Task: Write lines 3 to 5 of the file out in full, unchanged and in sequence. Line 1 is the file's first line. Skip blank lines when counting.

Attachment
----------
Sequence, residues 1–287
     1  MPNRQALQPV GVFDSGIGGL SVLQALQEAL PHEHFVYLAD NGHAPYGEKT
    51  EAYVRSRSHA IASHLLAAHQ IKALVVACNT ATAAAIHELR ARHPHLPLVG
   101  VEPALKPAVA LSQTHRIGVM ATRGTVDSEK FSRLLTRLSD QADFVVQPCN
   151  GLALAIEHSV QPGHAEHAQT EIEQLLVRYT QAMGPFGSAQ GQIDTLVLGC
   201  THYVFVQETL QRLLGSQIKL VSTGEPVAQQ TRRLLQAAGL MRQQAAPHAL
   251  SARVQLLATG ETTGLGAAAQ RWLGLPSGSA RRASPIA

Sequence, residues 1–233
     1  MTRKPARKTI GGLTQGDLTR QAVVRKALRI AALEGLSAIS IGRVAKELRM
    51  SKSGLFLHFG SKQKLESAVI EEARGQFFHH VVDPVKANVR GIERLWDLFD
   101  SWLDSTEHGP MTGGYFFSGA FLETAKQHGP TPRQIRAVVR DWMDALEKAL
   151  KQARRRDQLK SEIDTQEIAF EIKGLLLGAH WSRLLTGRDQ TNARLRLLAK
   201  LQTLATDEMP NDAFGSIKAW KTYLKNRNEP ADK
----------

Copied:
    51  EAYVRSRSHA IASHLLAAHQ IKALVVACNT ATAAAIHELR ARHPHLPLVG
   101  VEPALKPAVA LSQTHRIGVM ATRGTVDSEK FSRLLTRLSD QADFVVQPCN
   151  GLALAIEHSV QPGHAEHAQT EIEQLLVRYT QAMGPFGSAQ GQIDTLVLGC